What the hell ever happened to good ol' rock-and-roll? There are so many bands around the world who classify their sound as alt-rock, indie-rock, math-rock, post-rock, muffin-rock, hollow-fake-stone-where-you-hide-the-extra-key-rock, x-rock-where-x-equals-any-prefix-of-your-choice...but where's the plain ol' no-prefixes-needed rock? Apparently, it's been hiding in Boston, where long-time guitarist and songwriter David Vaccaro has been hoarding it in his basement since the '70s. Fortunately, he's blown the dust and cobwebs off of it, polished it up, and released a hefty chunk of that old-time rock-and-roll under the name V-project (MySpace).
Boston native Vaccaro has quite the rock pedigree. He's been playing in various bands since the late '70s, such as Oz, Capital Gains, and Siberia, but only began releasing music as V-Project in 2001 with the well-received acoustic album Lost Demos. For V-project's second effort, New Machine, Vaccaro has plugged in and cranked the amp up to 11. Along with collaborator Robin McAuley, the former vocalist of MSG, Vaccaro has produced ten tracks of pure, uncut rock that clearly hearkens back to the glory days of the '70s and '80s without sounding particularly dated. Rock is eternal, no matter how many prefixes other people slap on to it, and because of that, V-Machine has the same timeless feel as KISS, The Scorpions, Mötley Crüe, George Thoroughgood and the Destroyers, and Stevie Ray Vaughn.
New Machine is pure oldskool rock from beginning to end. Vaccaro defines his sound as "Jimmy Page meets Joe Walsh with a little Cheap Trick thrown in for good measure," and he is spot-on in his assessment. "Exit Sign" starts the album off on the right foot by opening with some classic riffs that immediately bring to mind the opening chords of Van Halen's debut album, and most of the tracks follow its lead, but Vaccaro occasionally shows a more adventurous side, such as on "Desert Run," a driving instrumental track that features chugging synths, an acoustic guitar solo with a pronounced southwestern flavor and fiery electric guitar work that reminds me a lot of Steve Vai. "You Don't Care" is another Latin-textured song that features stirring string arrangements and a thoroughly ass-kicking chorus, and "Back To My Baby" is a classic hard-rock ballad of love lost that would make Poison or Cinderella jealous. My favorite track, though, is "The Stake," a cover of one of my favorite Steve Miller Band songs which gives the song a bit of a more modern flavor while still remaining very close to the original.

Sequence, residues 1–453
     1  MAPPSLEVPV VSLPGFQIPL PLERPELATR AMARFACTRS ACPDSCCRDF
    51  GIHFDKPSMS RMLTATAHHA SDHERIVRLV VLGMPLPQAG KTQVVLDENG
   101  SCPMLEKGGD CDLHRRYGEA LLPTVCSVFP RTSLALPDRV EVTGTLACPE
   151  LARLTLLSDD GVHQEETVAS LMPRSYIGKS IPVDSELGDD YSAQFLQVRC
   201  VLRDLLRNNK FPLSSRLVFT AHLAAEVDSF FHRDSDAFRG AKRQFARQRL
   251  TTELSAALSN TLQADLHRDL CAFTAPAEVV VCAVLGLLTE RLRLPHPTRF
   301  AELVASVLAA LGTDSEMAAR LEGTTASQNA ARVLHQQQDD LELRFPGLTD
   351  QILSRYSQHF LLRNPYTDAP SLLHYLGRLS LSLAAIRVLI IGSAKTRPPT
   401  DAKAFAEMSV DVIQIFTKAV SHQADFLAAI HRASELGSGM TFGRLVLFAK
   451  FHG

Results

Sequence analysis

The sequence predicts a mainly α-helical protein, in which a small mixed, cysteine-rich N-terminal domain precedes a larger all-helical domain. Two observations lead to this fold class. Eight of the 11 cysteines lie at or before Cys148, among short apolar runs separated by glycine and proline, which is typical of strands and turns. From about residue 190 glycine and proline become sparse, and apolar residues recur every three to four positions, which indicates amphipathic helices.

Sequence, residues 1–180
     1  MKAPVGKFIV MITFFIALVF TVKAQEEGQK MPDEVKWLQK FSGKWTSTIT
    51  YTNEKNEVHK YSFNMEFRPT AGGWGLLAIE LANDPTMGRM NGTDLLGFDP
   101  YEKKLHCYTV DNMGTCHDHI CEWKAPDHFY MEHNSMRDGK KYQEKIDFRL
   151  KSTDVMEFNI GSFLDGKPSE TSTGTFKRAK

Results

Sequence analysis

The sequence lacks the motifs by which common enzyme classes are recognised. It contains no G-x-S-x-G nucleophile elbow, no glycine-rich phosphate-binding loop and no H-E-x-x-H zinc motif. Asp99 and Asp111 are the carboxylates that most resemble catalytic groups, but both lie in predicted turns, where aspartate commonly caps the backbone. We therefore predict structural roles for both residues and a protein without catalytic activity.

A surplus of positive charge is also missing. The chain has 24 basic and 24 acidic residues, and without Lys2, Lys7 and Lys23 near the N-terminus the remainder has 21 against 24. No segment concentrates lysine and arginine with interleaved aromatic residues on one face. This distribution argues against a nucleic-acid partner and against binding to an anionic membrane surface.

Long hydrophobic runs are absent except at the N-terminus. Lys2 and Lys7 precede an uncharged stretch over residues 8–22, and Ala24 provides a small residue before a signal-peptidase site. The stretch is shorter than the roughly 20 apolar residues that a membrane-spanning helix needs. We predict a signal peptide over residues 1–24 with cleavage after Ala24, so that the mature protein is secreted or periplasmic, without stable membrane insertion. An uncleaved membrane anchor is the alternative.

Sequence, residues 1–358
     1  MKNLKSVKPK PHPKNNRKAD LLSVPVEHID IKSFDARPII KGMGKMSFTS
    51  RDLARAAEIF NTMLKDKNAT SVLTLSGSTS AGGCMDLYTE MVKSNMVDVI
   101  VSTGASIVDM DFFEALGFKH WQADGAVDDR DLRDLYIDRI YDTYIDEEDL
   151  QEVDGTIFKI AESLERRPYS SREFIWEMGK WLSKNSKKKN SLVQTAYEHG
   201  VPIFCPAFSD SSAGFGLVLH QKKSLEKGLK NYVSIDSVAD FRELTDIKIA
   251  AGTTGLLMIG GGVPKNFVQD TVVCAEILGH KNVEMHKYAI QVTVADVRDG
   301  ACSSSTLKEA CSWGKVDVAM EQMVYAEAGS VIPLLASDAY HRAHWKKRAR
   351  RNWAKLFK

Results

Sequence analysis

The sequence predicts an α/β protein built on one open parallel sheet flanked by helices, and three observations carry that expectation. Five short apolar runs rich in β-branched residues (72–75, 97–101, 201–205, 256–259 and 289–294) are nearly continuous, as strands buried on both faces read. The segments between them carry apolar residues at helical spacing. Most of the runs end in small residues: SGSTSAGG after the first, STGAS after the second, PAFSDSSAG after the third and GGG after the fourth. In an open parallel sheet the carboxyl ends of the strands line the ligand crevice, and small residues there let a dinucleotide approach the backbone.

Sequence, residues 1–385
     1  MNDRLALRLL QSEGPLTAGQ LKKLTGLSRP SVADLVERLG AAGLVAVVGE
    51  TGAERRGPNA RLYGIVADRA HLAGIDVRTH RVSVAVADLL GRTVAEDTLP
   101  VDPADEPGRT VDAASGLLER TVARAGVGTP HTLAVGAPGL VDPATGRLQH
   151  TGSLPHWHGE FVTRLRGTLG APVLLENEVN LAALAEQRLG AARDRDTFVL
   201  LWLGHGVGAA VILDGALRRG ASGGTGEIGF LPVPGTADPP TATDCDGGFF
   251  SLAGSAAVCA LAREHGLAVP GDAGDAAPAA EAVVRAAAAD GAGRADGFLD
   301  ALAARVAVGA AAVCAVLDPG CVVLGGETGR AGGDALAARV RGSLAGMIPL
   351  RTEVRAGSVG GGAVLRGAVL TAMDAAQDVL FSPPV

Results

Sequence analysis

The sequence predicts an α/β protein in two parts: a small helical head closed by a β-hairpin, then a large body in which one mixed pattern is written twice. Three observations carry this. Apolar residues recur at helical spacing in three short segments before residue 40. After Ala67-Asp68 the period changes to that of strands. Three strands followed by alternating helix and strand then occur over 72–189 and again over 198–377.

And here's just an interesting little tidbit of information that might give you a second's pause: all of the drums on the album are programmed. That's right--there are no live drummers on this album: all of the beats were programmed by David Vaccaro himself. (In fact, all of the instruments on this album, save for the strings on "You Don't Care" and the sax on "Back To My Baby," are played or programmed by Vaccaro.) What's really cool about the drums, though, is that they do not in any way sound programmed. As a drum programmer myself, let me tell you: that is not an easy feat to achieve. Even with programs like BFD and Battery, both of which have extensive libraries of sampled acoustic drumkits, it's still a major achievement to design drum tracks that sound as though they were recorded by a guy in spandex shorts and a tiger-striped wifebeater rockin' out on the skins. Dave, if you're reading this, leave a comment telling me how the hell you did it!
At any rate, if you're looking for a *-rock album that explores the entire spectrum of musical possibilities, then New Machine is probably going to sound a little claustrophobic. But if you want an album that doesn't play any games, but simply ROCKS, then New Machine is it. I better see some lighters being held high out there in the audience for this one!